The parent who reported this story continued, “Administration came into classroom, walked around for a bit and was present when the student made the 3rd and 4th Jew comments. At that point, another parent demanded Administration stop this, and finally Administration removed the student from the classroom. At the end of the class, the teacher vaguely addressed that a student was being inappropriate and was removed from the class and apologized for not knowing sooner. Administration then quickly spoke about the school being a place of zero tolerance for this type of behavior….Later that afternoon Administration called both parents who brought this behavior to their attention and said the perpetrating student’s parents were notified and consequences were given.”

But what bothered the parent was that this wasn’t used “as a teachable moment for the class; no one monitored the chat; and if either of the two parents who spoke up hadn’t done so, this would have transpired without anything occurring, and who knows how long it would have continued.”

I’ve written about this before — when we label, we dehumanize. None of us is a label, we’re all multi-dimensional people. And it’s imperative that teachers drive that lesson home.

The Atlanta Initiative Against Anti-Semitism understands that the atmosphere inside and out of classrooms needs to change. On November 8, they are hosting an invitation-only conference in partnership with the Anti-Defamation League, American Jewish Committee and Simon Wiesenthal Center.

Called TASK (Tackling Anti-Semitism for our Kids), the conference is designed for specific organizations and individuals who are tasked with shaping the hearts and minds of K-12 students — national, regional, state and local educational agencies; leaders at the district level and individual schools in Atlanta and its neighboring counties as well as private schools, homeschool groups, faith leaders and community organizations. Attendees with be given tools and resources they can take back and use. Because it is only with enhanced proactive prevention methods as well as concrete intervention and response measures can students learn why there is no room for anti-Semitism and other forms of hate in classrooms.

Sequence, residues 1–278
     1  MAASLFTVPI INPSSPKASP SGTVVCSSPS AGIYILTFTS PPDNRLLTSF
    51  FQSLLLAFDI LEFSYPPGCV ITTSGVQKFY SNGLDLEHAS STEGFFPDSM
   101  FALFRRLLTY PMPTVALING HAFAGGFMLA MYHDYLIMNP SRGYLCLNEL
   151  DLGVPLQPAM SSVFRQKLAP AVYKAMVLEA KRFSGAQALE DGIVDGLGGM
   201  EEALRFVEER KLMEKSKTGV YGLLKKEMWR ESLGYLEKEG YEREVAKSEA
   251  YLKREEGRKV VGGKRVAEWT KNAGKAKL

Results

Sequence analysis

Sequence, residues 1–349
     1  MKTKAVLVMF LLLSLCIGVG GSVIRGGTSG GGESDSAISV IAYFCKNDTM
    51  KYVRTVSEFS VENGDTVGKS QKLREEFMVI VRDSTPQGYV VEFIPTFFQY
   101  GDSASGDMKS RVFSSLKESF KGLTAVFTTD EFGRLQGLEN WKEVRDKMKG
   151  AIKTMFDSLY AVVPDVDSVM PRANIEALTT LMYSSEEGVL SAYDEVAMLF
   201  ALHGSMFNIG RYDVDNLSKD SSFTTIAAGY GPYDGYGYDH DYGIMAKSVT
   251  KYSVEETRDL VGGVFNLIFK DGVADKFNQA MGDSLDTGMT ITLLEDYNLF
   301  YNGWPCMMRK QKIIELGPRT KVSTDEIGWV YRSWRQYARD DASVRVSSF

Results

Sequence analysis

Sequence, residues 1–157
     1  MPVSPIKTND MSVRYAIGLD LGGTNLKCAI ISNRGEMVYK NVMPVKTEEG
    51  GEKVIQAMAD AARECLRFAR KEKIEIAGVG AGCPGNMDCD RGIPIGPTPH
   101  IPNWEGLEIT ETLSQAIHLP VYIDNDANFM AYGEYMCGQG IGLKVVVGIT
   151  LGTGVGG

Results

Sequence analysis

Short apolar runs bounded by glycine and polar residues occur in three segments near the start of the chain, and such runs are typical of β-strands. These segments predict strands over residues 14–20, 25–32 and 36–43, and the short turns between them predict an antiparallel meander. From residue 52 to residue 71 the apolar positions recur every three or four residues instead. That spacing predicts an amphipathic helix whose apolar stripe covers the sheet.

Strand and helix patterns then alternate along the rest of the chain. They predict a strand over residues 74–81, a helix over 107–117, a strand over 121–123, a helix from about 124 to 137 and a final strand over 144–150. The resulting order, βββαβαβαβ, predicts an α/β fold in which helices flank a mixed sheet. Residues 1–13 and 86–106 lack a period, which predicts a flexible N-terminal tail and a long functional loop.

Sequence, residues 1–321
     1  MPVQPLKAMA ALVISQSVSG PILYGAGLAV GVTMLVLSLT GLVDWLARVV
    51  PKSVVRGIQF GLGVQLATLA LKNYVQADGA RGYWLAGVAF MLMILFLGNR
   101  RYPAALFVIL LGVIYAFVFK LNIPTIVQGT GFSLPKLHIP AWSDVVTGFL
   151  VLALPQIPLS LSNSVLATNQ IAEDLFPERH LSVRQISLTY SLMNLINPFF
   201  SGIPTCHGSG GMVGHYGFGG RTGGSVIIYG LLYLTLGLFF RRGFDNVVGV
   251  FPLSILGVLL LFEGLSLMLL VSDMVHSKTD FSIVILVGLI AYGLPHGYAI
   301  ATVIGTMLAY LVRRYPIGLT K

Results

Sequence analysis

As a volunteer I helped look up contact info for a number of public school invitees and so I know. Invitations are going to a huge number of people who have the power to influence what goes on in classrooms. I so hope the lessons trickle down so that our schools will stop making the news for the wrong reason.

About the Author
Born in Brooklyn and raised on Long Island, Wendy lived in Jerusalem for over a decade submerged in Israeli culture. Since returning to the U.S. in 2003; she has been soaked in Southern life in metro Atlanta. An Ashkenazi mom to Mizrahi sons born in Israel and the US, MIL to a French Mizrahi DIL and an Israeli DIL whose parents are also an interesting mix, and a step mom to sons born in the South, she celebrates trying to see from multiple perspectives and hopes this comes out in her blogs. While working in Jewish and Zionist education and advocacy, Wendy's interests also have her digging deep into genealogy and bringing distant family together. All of this is to say, Wendy's life has brought her to the widened framework she uses for her blogs: there are many ways to see and understand.